Under 2 hours
Though they are a nuisance, squeaky floors and stairs can be fixed quickly and affordably. Floors and stairs squeak when wooden floorboards or structural elements rub against each other, when the bridging between joists flexes under traffic or when floorboards have not been properly nailed to the subfloor.
Learning how to fix squeaky floors is simply a matter of determining which area the problem is coming from. Depending on the type of creaky floors you have, your technique could change.
This guide will teach you how to fix squeaky floors with simple but thorough step-by-step instructions.
Understand Squeaky Floors and the Job Ahead
Often, problems with squeaky floors are due to the loosening of the hardware holding the floor in place. When nails or screws no longer fit tightly, boards can rub together. That noise you hear is the sound produced by rubbing.
The design of your home will help determine how to address the squeak. This guide starts with a quick method to fix a squeaky floor that you can use anywhere. You can move on to the other steps if it doesn't stop the sound.
However, some of the following steps may not be possible in your house. If you have a finished basement, skip steps 4 through 6 because you need access to the underside of the floor to do them. Step 7 will be the best starting point for you if you can’t get to the bottom of the floor.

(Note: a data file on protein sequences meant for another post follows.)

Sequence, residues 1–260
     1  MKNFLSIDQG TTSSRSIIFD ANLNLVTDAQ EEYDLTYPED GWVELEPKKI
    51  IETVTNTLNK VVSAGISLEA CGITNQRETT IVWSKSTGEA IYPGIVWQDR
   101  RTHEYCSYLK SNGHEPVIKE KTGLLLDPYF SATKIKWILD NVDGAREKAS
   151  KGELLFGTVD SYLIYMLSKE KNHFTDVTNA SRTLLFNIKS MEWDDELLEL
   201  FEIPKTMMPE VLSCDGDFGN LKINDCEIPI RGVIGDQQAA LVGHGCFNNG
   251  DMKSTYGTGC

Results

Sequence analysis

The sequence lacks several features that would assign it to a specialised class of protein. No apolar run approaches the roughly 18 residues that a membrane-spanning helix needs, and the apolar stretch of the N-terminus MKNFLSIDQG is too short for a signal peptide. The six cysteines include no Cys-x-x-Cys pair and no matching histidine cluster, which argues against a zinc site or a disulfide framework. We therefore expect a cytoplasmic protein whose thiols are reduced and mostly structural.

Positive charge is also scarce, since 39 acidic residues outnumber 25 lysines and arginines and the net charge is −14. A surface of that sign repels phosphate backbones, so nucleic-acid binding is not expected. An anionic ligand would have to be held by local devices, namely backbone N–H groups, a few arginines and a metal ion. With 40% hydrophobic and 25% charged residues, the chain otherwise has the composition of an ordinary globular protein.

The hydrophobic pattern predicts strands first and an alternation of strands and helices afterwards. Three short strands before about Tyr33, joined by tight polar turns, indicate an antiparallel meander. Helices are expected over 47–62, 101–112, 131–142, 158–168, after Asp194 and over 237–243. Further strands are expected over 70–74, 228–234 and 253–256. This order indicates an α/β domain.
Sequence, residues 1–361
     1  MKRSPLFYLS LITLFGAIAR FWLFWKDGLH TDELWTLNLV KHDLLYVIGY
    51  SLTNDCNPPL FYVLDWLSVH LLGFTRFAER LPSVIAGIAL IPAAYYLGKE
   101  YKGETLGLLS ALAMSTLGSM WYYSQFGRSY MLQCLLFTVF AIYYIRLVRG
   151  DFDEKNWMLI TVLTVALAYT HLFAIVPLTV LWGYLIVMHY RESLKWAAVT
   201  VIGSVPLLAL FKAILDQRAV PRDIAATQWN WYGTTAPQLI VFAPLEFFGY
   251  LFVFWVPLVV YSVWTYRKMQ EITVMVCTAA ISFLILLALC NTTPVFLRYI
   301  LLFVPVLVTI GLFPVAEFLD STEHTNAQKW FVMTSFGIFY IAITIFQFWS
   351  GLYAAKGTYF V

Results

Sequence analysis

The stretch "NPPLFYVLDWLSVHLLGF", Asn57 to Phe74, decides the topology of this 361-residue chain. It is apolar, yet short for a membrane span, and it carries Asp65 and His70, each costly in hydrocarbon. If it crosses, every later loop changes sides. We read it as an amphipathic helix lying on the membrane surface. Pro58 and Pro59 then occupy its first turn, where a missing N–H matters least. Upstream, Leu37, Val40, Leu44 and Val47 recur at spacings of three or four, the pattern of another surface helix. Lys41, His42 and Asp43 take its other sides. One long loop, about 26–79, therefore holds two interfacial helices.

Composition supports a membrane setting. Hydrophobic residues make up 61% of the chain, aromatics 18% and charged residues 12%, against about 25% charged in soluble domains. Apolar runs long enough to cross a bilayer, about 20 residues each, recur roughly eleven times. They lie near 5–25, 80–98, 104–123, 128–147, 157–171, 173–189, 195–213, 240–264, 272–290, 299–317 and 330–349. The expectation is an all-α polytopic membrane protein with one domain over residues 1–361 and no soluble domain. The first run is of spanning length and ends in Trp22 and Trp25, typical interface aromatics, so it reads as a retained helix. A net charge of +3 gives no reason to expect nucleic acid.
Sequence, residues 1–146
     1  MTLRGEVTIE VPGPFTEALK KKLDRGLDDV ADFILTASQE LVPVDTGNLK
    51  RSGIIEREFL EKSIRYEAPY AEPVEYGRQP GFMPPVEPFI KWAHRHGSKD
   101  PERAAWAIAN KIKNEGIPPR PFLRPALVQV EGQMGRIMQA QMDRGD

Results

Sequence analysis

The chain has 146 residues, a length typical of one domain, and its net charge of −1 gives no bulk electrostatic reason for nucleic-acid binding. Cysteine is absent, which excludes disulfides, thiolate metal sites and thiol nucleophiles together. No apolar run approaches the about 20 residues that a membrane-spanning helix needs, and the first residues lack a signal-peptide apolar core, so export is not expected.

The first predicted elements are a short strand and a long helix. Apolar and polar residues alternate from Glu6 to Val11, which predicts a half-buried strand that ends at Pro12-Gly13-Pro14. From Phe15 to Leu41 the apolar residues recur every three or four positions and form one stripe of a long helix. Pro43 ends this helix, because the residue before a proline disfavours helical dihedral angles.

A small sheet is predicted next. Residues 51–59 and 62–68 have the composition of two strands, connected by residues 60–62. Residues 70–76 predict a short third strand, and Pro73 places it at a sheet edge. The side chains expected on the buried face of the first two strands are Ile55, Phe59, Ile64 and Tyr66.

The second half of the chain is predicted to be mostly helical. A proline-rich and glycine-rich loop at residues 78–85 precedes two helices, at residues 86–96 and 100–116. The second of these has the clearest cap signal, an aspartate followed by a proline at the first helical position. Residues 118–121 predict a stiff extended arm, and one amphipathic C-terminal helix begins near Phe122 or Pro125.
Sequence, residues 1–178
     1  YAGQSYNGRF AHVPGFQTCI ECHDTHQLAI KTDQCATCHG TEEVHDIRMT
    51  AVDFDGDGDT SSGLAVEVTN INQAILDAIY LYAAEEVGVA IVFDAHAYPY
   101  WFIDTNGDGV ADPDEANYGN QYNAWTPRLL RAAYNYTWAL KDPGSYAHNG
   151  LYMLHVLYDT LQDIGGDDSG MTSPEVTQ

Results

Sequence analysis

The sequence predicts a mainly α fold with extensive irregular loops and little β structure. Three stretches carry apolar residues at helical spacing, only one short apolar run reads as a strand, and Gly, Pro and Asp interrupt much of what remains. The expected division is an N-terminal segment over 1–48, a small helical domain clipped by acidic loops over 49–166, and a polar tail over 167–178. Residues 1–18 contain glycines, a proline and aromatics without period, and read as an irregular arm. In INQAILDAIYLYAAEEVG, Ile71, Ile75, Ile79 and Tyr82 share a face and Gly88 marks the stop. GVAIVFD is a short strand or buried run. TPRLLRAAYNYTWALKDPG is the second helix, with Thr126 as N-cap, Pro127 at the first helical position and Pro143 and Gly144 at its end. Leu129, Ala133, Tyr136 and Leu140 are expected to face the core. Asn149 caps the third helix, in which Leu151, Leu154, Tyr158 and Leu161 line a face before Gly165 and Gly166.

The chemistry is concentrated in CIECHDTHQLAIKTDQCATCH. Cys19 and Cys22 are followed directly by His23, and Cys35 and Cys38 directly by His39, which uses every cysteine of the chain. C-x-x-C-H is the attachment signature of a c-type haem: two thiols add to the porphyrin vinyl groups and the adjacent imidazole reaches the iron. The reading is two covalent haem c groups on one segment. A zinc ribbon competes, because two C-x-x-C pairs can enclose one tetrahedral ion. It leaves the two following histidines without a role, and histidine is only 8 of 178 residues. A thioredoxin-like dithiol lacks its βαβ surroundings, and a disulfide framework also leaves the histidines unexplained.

For squeaky floors below carpeting, move on to Step 8.
Lubricate Hardwood Floors
Lubricating hardwood floors is a quick and easy way to stop squeaks. To lubricate means to add a substance that reduces friction, and the product you use to lubricate is a lubricant.
Simply cutting down on friction may be enough to stop the squeak. Give it a try by sprinkling a powdered graphite lubricant over the squeaky spot. Cover the powder with paper towels, so it stays in place.
Put on your shoes and use your feet to move the lubricant into the grooves between the flooring. Move your foot back and forth and in circles for a few minutes.
Still hear the squeak? Repeat the process two or three or more times. If the sound is still there, go on to the next step.
Tip: Use a handheld vacuum cleaner to clean up any leftover lubricant.
Pinpoint the Source of the Squeak
First, find a helper to continue fixing a squeaky floor. You’ll need their assistance locating the squeak.
Have your helper stay upstairs and walk on the squeaky spot while you head to the basement. Stand on a step ladder and use a flashlight to locate the area of the squeak.
Check out the squeaky spot. Sometimes, a long nail that installers left exposed can cause the sound. You’ll usually be able to spot a problem nail right away because it will be visible beside the wood.
If you see one, use a pair of bolt cutters to cut it off close to the ceiling. See if this fixes the problem and move on to the next step if the sound continues.
Fill in Gaps with a Shim
Instead of a rubbing nail, a gap between the joists and the subfloor may be to blame. The joists are the beams that run below the floor, and the subfloor is the wood that goes on top. Together, the joists and the subfloor support the hardwood floors.